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Israel having 'problems communicating' with Ofek 11 recon satellite

Launch of "Ofek 10"
Channel 2
Satellites are capable of filming 64,000 minutes of footage, compiling about 800 photographic sorties yearly

The Ofek 11 recon satellite Israel launched into space Tuesday is "not functioning as expected", the Defense Ministry said.

The launched placing the satellite into orbit had initially been claimed as a success.

According to a statement from Amnon Harari, the ministry's Head of the Space Administration, they are now having "some problems communicating with the satellite."

Pinpointing the exact problem will take some time as they are only able to communicate with the satellite when it is in a specific position in orbit, however, they have been able to establish contact.

“A short while ago, Israel’s Ministry of Defense, along with Israel Aerospace Industries (IAI), launched the Ofek 11 satellite into space,” A Defense Ministry statement said.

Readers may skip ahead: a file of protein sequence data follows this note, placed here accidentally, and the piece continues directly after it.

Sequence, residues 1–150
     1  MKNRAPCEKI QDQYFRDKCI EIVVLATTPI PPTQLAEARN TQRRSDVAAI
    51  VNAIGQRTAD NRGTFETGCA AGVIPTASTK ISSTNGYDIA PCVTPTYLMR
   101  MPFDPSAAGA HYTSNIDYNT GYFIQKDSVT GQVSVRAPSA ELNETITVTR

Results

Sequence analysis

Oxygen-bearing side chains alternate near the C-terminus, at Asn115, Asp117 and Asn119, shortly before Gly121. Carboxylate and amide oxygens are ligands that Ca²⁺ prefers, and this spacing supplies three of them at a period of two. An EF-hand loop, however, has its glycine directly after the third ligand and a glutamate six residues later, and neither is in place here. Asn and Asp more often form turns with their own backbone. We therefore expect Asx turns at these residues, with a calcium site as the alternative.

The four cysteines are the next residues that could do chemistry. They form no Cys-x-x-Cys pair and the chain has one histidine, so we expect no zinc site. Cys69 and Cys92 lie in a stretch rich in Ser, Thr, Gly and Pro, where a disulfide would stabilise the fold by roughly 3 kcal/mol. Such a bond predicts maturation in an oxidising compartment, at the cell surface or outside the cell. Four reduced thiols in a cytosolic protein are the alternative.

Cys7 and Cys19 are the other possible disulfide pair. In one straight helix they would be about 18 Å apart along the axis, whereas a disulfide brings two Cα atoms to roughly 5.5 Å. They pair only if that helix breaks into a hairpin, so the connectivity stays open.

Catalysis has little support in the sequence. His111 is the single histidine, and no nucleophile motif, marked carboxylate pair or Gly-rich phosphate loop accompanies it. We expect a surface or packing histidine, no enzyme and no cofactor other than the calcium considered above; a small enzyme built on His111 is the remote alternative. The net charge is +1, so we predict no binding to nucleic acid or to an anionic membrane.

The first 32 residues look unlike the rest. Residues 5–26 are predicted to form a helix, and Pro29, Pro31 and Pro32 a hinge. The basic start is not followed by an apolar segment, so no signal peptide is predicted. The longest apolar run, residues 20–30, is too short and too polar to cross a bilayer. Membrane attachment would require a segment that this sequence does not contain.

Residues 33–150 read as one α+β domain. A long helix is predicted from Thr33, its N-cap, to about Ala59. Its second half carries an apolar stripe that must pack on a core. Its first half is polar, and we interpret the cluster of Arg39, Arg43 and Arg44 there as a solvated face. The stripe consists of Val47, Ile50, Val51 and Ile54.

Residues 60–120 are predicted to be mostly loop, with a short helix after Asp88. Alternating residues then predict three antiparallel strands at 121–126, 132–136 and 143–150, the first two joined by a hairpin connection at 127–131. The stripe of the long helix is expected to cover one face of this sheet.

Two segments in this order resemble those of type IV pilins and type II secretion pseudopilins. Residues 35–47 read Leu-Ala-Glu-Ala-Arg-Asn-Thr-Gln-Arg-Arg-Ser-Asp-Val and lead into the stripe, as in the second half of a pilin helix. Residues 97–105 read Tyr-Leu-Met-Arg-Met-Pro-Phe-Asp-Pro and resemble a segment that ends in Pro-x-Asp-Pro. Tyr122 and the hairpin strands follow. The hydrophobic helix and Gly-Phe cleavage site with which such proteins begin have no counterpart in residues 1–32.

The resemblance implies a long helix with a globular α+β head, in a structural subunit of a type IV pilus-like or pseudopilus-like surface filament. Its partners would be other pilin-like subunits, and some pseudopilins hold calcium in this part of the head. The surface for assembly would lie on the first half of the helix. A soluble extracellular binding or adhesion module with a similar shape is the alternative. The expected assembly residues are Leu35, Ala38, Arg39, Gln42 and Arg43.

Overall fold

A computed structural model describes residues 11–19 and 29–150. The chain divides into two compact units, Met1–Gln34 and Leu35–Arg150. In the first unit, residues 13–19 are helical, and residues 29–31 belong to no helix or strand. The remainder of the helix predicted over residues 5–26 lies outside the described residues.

Doron Ofer, CEO of the Israel Aerospace Industries’ Space Division, said that "We have downloaded some figures, and we are now checking them. It’s not functioning exactly the way we expected, and we don’t know what it’s status is.”

“We are now working to stabilize it, but it will take some time because of the small amount of communication we have with it when it comes in our area,” he added.

The satellite was launched early Tuesday evening from  Palmachim Air Base, near the city of Rishon LeZion.

The satellite's predecessor, Ofek 10 was launched in April 2014, presumably to monitor Iran and militant groups in the region.

According to the Haaretz daily, the Israel Defense Forces have said that the satellites are capable of filming 64,000 minutes worth of footage yearly as well as compiling about 800 photographic sorties.

The launch comes a little over a week after Israel lost its Amos 6 satellite when a SpaceX rocket exploded during a pre-launch test at the Kennedy Space Center in Cape Canaveral, Florida.

Amos 6, manufactured by Israel Aerospace Industries (IAI) and owned by Spacecom, was set to be launched into space on a 16-year mission intended, in part, to serve Facebook's Internet.org project and bring Internet connectivity to sub-Saharan Africa.


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